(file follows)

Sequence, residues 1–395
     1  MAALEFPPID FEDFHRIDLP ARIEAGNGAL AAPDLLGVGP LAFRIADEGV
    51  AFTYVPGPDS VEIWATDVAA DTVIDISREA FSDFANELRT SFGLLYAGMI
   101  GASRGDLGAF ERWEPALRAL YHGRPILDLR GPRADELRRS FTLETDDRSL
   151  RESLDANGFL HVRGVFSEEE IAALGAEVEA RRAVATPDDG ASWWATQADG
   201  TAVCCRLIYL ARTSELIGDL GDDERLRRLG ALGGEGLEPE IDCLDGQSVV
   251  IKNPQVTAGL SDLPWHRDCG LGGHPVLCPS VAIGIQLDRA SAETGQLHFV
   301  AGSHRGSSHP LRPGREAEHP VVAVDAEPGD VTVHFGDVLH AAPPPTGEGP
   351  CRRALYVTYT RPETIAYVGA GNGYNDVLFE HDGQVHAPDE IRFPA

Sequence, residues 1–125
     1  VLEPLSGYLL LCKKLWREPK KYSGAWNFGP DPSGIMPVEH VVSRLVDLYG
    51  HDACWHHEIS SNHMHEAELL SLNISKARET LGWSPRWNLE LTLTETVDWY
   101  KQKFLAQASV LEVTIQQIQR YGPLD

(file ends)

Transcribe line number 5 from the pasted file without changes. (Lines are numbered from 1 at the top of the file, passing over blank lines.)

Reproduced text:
   151  RESLDANGFL HVRGVFSEEE IAALGAEVEA RRAVATPDDG ASWWATQADG